September 17, 2016

The Bratislava Summit: No “victory lap” for Viktor Orbán

I often stress that Hungarian Spectrum is a cooperative enterprise because we have readers who, in the comment section, carry on an active exchange of ideas. That in turn enriches my own contributions. Here I would like to have a discussion with “István” on Orbán’s chances of success in Bratislava. I, of course, have the massive advantage of hindsight.

Today István, on the basis of preliminary statements ahead of the Bratislava summit, predicted that the meeting in the Slovak capital could be “Orbán’s victory lap.” He cited a report by Népszabadság about the meeting that Martin Schulz, president of the European Parliament, had had with Viktor Orbán ahead of the summit. According to the article, Orbán in no uncertain terms told Schulz what he thinks of the treatment Hungary receives from the European Union. He demanded greater respect for Hungary. He also accused the European Parliament and the European Commission of “dirty tricks” because they had changed the resolution of the European Council concerning voluntary quotas behind the prime ministers’ backs to compulsory ones. “I asked them not to do that ever again because the nation states cannot accept this.”

István, on the basis of this article, believes that “Orbán effectively, gently lectured the EU” and therefore came out a winner. The trouble with this interpretation is that we don’t know what Orbán said or didn’t say. But I very much doubt that he dared to lie straight to Schulz’s face about the alleged legislative trick of the EP and EC, changing voluntary quotas to compulsory ones. There may have been no “effective and gentle lecture” at all. On the other hand, we know from Schulz himself the deep division between them still exist and he wasn’t impressed by Orbán’s arguments.

István further writes that “Jean Asselborn, Luxembourg’s Foreign Minister, has withdrawn his statement on the expulsion of Hungary from the EU.” But this is not quite the case. The foreign minister of Luxembourg didn’t take his words back. After all the criticism he received, he merely told the Süddeutsche Zeitung that his statement “was a wake-up call ahead of the Friday Bratislava summit.” So, if I understand this sentence correctly, it was meant, in fact, as a warning to Viktor Orbán to behave.

I also have a different reading of Donald Tusk’s letter. The sentence about the European Union as “a single state” is utterly meaningless because no such a goal has ever been stipulated in any of the EU treaties. What the member states accepted was “the process of creating an ever closer union among the peoples of Europe, in which decisions are taken as openly as possible and as closely as possible to the citizen.” Tusk, as president, is fully aware of the true meaning of the concept of “an ever closer union.”

So, why then did he give an utterly false interpretation of the concept of the United States of Europe? I guess because he wanted to calm the nerves of the prime ministers of the East-Central European countries on the future of Europe. It will never be one state, he assured them. Right now the Visegrád 4 prime ministers are demanding a structural change of the EU in favor of the nation states, but any such modification, according to Tusk, “requires a change of attitude of the national governments towards the European Union as such.” To me this is a message to the Visegrád 4 that they are the ones who have to change their attitudes because the current problems have been aggravated by the attitude of people like Orbán, Szydło, and Fico. If you want change, you have to change.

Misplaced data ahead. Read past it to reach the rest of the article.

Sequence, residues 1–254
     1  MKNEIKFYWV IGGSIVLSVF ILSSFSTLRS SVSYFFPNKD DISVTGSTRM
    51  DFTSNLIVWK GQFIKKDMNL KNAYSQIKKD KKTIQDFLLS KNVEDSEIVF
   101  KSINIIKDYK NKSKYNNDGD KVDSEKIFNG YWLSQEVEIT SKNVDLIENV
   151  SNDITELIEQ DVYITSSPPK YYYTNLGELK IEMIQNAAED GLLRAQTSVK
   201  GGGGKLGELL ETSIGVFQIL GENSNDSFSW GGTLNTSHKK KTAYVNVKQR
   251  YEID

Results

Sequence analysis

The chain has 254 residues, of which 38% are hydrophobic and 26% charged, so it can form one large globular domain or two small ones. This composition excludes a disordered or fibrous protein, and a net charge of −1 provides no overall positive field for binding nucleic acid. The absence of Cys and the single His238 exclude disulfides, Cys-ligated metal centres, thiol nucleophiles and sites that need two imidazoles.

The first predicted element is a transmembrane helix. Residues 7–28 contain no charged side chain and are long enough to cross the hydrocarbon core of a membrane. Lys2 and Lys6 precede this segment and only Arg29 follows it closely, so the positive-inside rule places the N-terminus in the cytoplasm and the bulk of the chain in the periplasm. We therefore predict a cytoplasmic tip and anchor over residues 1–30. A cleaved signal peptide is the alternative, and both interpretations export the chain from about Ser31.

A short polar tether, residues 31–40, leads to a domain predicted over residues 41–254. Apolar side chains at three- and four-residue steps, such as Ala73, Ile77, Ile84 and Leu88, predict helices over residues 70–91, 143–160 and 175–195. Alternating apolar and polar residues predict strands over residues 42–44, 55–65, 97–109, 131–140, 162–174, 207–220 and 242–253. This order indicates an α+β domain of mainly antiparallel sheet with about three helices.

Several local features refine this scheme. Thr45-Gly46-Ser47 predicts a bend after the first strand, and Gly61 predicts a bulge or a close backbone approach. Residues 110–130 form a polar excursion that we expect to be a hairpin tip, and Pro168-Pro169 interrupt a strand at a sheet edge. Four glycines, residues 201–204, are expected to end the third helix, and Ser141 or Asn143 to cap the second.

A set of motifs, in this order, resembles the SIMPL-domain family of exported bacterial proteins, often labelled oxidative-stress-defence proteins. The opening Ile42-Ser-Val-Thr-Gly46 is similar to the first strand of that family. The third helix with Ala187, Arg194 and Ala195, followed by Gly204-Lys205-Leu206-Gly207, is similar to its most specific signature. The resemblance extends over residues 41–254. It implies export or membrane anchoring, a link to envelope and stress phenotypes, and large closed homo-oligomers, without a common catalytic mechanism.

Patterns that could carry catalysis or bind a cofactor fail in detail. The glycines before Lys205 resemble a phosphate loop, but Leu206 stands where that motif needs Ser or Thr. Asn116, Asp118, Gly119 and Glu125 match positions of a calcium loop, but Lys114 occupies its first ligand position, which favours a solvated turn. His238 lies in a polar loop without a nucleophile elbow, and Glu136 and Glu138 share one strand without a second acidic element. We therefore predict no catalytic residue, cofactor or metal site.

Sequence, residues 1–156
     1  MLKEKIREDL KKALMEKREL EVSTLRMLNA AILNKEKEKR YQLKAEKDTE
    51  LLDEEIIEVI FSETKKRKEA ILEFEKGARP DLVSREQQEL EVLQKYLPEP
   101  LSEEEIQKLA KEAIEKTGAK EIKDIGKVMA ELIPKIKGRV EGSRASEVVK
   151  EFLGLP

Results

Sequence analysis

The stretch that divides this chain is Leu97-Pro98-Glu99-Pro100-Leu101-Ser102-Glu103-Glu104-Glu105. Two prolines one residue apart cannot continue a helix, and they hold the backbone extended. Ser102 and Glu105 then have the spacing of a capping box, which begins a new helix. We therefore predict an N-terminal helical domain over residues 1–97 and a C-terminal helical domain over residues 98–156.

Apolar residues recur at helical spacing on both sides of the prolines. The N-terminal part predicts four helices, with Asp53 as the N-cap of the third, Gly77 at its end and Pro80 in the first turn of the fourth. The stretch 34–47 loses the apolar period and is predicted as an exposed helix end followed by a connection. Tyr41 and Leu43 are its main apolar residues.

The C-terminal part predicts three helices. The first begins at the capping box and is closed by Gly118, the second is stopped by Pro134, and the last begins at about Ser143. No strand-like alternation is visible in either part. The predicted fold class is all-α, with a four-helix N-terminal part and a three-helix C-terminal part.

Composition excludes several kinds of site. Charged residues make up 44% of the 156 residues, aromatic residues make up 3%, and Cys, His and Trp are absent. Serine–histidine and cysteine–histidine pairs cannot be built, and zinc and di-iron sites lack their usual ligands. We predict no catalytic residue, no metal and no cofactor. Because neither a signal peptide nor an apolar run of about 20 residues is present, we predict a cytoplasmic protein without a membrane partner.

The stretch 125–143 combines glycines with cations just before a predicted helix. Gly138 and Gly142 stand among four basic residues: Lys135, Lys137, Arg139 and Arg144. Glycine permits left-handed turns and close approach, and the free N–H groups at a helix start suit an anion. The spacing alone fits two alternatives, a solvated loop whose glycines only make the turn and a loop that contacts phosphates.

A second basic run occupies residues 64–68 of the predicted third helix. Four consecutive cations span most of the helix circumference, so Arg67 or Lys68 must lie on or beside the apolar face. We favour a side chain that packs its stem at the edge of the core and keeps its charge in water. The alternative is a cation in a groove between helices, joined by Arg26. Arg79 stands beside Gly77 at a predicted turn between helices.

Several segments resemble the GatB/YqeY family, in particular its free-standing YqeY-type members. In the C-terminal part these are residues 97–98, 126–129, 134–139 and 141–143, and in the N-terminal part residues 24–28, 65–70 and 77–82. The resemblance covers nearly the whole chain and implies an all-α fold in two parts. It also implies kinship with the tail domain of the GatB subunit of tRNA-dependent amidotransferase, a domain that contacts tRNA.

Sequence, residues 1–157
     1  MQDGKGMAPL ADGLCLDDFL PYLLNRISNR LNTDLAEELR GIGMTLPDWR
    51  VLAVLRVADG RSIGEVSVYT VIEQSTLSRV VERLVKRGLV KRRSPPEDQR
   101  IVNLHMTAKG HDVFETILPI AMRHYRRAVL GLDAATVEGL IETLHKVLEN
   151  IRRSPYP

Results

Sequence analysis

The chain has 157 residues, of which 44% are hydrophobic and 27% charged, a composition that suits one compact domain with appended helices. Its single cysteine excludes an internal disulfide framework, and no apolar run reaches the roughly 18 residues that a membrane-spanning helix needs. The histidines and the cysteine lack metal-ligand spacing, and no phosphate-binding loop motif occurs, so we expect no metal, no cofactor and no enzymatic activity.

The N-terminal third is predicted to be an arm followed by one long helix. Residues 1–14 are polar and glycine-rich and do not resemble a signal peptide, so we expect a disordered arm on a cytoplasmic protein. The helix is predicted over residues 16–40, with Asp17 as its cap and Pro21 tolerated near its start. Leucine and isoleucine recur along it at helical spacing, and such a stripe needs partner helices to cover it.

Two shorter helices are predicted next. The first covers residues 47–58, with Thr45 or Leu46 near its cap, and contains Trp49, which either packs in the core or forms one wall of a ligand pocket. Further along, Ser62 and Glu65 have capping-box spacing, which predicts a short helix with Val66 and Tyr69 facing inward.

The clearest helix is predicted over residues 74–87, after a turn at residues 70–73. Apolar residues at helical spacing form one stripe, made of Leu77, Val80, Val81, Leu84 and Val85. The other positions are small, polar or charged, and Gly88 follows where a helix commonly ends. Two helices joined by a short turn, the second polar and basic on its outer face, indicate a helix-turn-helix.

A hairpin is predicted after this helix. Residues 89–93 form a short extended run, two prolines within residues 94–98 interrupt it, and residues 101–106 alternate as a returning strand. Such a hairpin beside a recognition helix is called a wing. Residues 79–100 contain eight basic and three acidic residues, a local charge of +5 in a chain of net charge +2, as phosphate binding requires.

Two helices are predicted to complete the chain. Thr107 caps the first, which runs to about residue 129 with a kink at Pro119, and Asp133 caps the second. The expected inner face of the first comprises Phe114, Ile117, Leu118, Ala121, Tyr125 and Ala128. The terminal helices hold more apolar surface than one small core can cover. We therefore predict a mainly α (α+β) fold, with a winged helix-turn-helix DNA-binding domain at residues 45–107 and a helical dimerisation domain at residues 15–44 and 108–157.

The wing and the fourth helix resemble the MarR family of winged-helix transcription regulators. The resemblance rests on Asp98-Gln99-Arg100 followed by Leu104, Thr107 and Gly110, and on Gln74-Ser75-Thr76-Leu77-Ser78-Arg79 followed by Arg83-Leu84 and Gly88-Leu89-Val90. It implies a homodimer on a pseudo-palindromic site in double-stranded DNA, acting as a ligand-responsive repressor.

If I understand István correctly, he believes that Orbán and Fidesz have already won their game against the European Union and doesn’t understand why they are so “greatly restrained in proclaiming victory.” He believes that Tusk and Merkel are willing to concede to the demand of Orbán and Co. that decisions should be made only by the European Council. They claim that the European Commission is pursuing an independent policy to which it is not entitled. The trouble with this argument is that it has no basis in fact. Every decision made in the EU must be and is sanctioned by the prime ministers or chancellors of the member states, including Viktor Orbán. He will not be able to go to Bratislava with this accusation because his colleagues would think he has lost his mind. Orbán, Lázár and the rest can tell this fairy tale to the Hungarian people, but they cannot carry this message to an EU summit. The reason for the restraint of Orbán and Fidesz is their knowledge that their chances of winning the game by accusing the Commission of overstepping its prerogatives or ex post facto nullifying decisions voted on by the European Council are nil.

bratislava-castle

So, let’s see what we know so far about what transpired in Bratislava. Beata Szydło was leading the charge of the Visegrád 4 because Poland is currently acting as president of the group. Yesterday she was still rather sure of herself and her cause and even named the culprits of the refugee crisis: Donald Tusk, Jean-Claude Juncker, and Martin Schulz. The incompetent politicians who reacted too late to the crisis. Visegrád 4 has the solution: a total change in the very structure of the European Union in favor of the nation states. However, the Poles, as well as the Hungarians, most likely know that they will not succeed against the majority of the member states. In fact, Szydło’s foreign minister, Witold Waszczykowski, was already talking about “a flexible solidarity,” by which he meant a dispersion of refugees according to the countries’ economic capabilities. He also came up with the idea that those countries that have labor shortage problems should take the bulk of the refugees. Most likely he didn’t realize that in the last few months Hungary, which refuses to take one single person, is suffering from a severe labor shortage and that Mihály Varga, minister of economics, is desperately trying to find guest workers who, of course, are “culturally close to the majority population.” The countries of the Visegrád 4 know that in the end they will have to share the burden of the refugee crisis.